Saudi Arabia's minister of energy told CNBC that he was relatively optimistic that OPEC could agree a deal to curtail oil production at a crucial meeting on Wednesday even though his Iranian counterpart was quick to stress that a deal has not been reached just yet.
Member countries of the oil-producing cartel are meeting in Vienna, Austria, Wednesday to discuss terms of a potential deal to cut oil production in an effort to prop up prices that have fallen by more than half since 2014 due to global oversupply. OPEC is hoping to secure a cut in its oil production from 33.8 million barrels a day (b/d) to between 32.5 million b/d and 33 million b/d.
"I hope that we will have a deal but we will not know until the end of the month," Khalid Al Falih, Saudi Arabian minister of energy, told CNBC ahead of the OPEC meeting on Wednesday.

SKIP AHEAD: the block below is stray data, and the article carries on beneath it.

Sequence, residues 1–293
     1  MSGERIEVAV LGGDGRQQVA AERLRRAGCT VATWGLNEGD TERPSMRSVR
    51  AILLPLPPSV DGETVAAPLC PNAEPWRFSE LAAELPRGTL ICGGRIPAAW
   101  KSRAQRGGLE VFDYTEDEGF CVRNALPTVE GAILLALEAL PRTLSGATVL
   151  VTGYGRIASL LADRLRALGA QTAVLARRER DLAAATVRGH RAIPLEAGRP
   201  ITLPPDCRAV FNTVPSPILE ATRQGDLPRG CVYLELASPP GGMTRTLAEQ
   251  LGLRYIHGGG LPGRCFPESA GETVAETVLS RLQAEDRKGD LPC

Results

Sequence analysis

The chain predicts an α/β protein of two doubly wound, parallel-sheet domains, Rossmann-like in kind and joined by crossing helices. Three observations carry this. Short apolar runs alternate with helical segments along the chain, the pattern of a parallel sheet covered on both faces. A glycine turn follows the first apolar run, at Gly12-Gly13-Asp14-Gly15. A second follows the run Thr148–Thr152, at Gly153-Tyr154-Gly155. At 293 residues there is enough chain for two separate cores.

"We're hoping for 600,000 (barrels per day to be cut) from non-OPEC (countries) so that is going to be a substantial volume that will bring health back into the market," he added.
However, Bijan Zangeneh, Iranian petroleum minister appeared more cautious in his tone than his Saudi Arabian counterpart.
"We haven't finalized the deal … We need time to discuss and finalize the deal between OPEC member countries but as I said I am optimistic that we are in a position to enable us to finalize this framework," he told CNBC in Vienna.
Oil prices had jumped more than 7 percent on Wednesday and came close to hitting $50 a barrel as Saudi Arabia's oil minister hinted that a deal among OPEC members was close.
An oil production cut to reduce global oversupply has not been put into action in almost a decade. However, following two consecutive years of low oil prices; the pressure on OPEC to act has intensified.
In September's Algeria meeting, the 14-member cartel outlined a deal which would restrict output and, if implemented in Vienna, should theoretically lift the economic pain of low oil prices on countries reliant on producing the commodity.
The balancing act for OPEC on Wednesday is to agree on individual production levels for each country whilst remaining vigilant to non-OPEC exporters looking to seize a greater share of the market.